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I've recently been shooting in raw with my new 100mm usm is macro but I'm getting strange results in out of focus areas with bright colours in. I've used Lightroom for ages and not had any issues with it but it's not giving me the results I'd expect, over saturated with what I'd describe as colour bleed. I gather that the camera and the eos utility might be showing me some sort of preview, but they look very different!

The first screenshot is what the canon eos utility v2.9 shows me (and the same in camera) and gives me the bokeh I'd expect from a lens like this.

The second is what lightroom 3.3 shows me without any developing done. I've reimported with settings reset, and copied over with adobe bridge and photoshop and had the same results. This is with lens corrections off.

Don't ask why the filenames appear to be different between the screenshots, I assure you they're the same photo.

enter image description here enter image description here

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See also photo.stackexchange.com/questions/9497/… –  mattdm Apr 21 '11 at 11:47

3 Answers 3

up vote 8 down vote accepted

RAW formats are simply sensor data, to get a viewable image certain modifications need to be made to the photo (e.g. temperature correction, denoising, demosaicing, removing hot pixels, etc). Furthermore, there is no real correct way of processing a RAW image, so different RAW editors will present different looking images. Canon's utility is the most "official" software, and as I understand it will create images that look like your camera's jpeg output, but this does not mean is is necessarily the "best" RAW software.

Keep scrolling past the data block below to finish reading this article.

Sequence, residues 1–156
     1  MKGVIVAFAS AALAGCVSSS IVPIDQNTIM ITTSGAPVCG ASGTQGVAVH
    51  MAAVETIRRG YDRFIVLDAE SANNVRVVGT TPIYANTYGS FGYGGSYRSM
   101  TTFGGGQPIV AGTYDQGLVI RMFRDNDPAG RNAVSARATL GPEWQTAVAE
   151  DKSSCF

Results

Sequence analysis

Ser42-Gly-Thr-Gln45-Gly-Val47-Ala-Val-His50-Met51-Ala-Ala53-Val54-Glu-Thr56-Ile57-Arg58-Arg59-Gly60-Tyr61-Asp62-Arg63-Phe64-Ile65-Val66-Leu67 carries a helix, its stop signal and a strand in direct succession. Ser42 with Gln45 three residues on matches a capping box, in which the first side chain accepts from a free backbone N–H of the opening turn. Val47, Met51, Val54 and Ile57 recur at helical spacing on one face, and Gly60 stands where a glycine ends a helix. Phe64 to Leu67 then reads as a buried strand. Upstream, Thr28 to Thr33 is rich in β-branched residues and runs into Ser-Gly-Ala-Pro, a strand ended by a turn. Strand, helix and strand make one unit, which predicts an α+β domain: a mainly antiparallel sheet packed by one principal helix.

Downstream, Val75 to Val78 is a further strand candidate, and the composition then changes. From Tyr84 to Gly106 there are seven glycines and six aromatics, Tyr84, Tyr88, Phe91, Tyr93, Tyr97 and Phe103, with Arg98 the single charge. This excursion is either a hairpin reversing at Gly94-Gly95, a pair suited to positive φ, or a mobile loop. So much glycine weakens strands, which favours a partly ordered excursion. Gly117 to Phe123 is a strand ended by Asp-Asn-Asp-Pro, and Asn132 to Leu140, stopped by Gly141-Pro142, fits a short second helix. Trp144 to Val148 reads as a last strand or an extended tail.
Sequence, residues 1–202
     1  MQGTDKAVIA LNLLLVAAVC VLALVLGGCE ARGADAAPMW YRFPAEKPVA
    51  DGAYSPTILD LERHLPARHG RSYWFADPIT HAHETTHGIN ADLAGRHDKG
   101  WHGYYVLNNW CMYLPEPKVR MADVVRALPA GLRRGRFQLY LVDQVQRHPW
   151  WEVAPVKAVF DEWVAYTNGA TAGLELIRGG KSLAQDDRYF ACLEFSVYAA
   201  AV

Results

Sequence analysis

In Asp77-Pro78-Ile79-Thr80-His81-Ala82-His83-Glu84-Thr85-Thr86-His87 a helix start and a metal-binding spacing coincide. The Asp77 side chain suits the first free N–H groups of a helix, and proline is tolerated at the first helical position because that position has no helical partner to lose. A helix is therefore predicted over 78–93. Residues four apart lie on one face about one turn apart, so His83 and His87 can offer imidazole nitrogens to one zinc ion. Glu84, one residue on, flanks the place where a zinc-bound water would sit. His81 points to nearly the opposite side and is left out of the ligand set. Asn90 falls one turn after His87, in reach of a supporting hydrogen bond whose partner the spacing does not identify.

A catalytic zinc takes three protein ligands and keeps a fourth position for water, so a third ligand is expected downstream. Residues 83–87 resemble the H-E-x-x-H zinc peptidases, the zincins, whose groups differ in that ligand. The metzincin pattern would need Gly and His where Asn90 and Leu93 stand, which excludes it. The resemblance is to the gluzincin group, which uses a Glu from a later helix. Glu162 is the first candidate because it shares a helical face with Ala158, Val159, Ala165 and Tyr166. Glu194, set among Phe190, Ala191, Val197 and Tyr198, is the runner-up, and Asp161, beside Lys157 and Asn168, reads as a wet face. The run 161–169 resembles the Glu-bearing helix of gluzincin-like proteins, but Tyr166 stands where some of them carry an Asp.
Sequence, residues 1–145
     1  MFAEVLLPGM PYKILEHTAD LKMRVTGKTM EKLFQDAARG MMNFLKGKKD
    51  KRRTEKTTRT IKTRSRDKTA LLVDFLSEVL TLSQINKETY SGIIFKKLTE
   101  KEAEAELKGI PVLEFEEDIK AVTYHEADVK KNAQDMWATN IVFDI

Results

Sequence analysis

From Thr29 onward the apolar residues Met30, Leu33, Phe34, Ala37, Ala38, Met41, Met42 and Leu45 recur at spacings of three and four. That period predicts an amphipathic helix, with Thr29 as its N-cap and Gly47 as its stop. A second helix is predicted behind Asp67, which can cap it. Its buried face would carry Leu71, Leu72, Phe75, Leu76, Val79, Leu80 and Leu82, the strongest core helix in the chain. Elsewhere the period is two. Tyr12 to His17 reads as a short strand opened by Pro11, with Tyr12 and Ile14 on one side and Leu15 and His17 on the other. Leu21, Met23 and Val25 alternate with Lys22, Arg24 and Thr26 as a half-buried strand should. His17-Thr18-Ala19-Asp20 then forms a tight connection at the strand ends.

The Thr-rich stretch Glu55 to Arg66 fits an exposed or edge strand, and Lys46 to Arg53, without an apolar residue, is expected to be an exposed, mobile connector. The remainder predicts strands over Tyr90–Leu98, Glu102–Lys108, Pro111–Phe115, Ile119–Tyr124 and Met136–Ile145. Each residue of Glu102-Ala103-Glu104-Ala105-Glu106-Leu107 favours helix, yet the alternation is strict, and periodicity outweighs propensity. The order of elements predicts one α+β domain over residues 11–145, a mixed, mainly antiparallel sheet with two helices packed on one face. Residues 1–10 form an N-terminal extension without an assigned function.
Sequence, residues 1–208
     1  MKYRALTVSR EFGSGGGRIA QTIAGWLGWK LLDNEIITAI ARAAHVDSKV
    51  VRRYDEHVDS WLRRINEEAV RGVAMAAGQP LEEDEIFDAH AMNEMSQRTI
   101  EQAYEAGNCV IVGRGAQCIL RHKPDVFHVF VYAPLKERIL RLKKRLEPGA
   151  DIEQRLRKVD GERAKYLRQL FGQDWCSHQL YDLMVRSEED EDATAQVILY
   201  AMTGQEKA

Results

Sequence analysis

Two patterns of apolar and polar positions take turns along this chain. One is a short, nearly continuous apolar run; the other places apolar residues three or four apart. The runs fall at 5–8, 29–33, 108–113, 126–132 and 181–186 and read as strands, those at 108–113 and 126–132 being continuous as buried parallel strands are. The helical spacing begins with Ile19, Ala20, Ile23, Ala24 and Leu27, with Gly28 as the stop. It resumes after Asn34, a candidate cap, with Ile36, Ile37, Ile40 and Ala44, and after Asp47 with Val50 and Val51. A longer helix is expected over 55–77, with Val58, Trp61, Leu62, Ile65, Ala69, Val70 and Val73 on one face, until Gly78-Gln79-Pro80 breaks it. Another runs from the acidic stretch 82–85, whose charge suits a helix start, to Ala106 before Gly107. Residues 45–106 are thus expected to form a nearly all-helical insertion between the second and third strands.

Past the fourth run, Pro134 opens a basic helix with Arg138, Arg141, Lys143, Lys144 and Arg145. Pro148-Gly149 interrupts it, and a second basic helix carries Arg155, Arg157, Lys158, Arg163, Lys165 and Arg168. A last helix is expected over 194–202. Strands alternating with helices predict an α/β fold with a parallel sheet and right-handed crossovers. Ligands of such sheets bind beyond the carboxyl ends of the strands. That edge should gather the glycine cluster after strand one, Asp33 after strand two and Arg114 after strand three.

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In addition to this, there are colour profiles that define how the RAW information is interpreted. Canon has "official" profiles - which are built-into your camera as Landscape, Portrait, Neutral etc. Adobe also has their own profiles for each RAW format. This is where much of the colour difference comes from. –  nchpmn Apr 9 '11 at 9:05
    
Interesting, look's like I'm going to have to use the Canon converter for now. In my impression it gives much better results! –  ChrisFletcher Apr 10 '11 at 20:48
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Don't give up with Lightroom just yet! It does offer a number of presets which simulate the settings used in the camera/"official" software to produce the image that you (expect to) see. Remember, as people have already said, images are simply interpretations of the RAW data. –  Nick Apr 11 '11 at 12:09

To view a RAW image on screen, it must first be preprocessed (usually by interpolation) to convert sensor pixels into screen pixels. RAW processing is an undefined field, outside of the common algorithms that can be used to process sensor pixels into screen pixels, and the algorithms to apply tone curves. Different RAW processors can interpolate pixels differently, and weight red, green, and blue sensor pixels differently and apply custom tone curves. The results when crossing between different RAW processors will rarely be the same.